What do Teens Really Think About Online Learning?

The student experience with online learning can greatly vary and depend on several factors, such as their individual learning styles, the quality of the instructional design, and their personal experiences. Research studies have shown that teens may have mixed feelings about online learning, as it can be more flexible and convenient, but may also lack the social interaction and in-person instruction of traditional classes. Furthermore, students who have previously struggled in school may find that the lack of structure in online learning can be detrimental to their academic progress without good instructional design. Additionally, students’ motivation for learning is another crucial factor that can be impacted by online learning.

National data suggests that student engagement is lower in online learning than traditional in-person classes, with reports showing that students tend to struggle with motivation and attention, as well as with the management of the self-directed and independent nature of online classes. Additionally, the shift to online learning has also taken a toll on teachers, as it has resulted in increased workload, isolation, and lack of personal interactions. This can lead to burnout, which can have an impact on the quality of instruction and teachers’ ability to connect with students, which can further decrease student engagement. When it comes to student motivation, online learning can present some challenges such as a lack of immediate feedback, lack of personal interactions, and difficulty in creating a sense of belonging. All of these can negatively impact student motivation and engagement. However, good instructional design can help to mitigate these challenges by creating engaging and interactive online learning experiences, fostering social interactions, and providing clear and consistent expectations, direction, and support to students.

It’s important to note that online learning has become a necessity during the pandemic and the availability of other options are limited. However, the quality of instructional design, as well as the attention and effort put into fostering student motivation, can greatly impact the student’s experience and the effectiveness of the learning process. To address this challenge, it’s also important to consider strategies to support teachers and address the root causes of teacher burnout to ensure the best possible learning experience for students. With good instructional design, and efforts to promote student motivation, online learning can provide a valuable and effective alternative for students during the pandemic and beyond, despite the data showing lower engagement and motivation.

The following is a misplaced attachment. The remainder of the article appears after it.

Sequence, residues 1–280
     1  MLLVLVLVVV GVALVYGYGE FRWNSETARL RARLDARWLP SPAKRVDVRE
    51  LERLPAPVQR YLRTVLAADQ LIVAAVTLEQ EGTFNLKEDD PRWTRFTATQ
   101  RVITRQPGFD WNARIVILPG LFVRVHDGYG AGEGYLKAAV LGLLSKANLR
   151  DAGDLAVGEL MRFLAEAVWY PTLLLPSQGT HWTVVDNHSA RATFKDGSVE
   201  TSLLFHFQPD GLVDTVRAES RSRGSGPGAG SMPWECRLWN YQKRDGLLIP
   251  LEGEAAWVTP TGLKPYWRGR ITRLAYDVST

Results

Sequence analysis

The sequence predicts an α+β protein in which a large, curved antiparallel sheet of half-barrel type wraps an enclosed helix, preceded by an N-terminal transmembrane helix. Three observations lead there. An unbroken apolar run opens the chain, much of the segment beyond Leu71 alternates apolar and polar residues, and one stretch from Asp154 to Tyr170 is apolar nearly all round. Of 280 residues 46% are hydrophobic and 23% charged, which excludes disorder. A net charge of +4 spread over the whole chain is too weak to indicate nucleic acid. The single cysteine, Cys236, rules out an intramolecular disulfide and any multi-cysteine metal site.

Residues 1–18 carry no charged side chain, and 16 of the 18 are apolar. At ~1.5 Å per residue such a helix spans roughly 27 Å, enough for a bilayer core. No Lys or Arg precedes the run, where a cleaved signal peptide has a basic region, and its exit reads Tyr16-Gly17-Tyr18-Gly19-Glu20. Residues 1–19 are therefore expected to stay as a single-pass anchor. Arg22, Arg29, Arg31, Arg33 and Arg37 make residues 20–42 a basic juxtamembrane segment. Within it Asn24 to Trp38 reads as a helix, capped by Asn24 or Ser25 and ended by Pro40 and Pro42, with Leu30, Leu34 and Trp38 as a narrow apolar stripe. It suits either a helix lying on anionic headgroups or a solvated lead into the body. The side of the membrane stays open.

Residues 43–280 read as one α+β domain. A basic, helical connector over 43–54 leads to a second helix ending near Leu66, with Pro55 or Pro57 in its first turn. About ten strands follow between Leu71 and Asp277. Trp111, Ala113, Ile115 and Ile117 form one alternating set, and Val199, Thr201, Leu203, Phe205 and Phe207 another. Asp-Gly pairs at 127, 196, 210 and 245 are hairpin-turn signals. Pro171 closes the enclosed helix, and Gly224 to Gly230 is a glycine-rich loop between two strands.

Teen Motivation for Learning During COVID 19 and Impact on Mental Health

The COVID-19 pandemic has had a significant impact on the way that teens are learning, with many schools and universities transitioning to online learning as a way to slow the spread of the virus. This has presented a number of challenges for teens and young people.

One major challenge is that online learning can be less engaging and motivating than in-person learning. Without the personal interactions and social connections that are present in a physical classroom, it can be difficult for teens to stay focused and motivated. Additionally, online learning can make it harder for teens to ask questions and receive feedback from their teachers, which can make it more difficult for them to fully understand the material.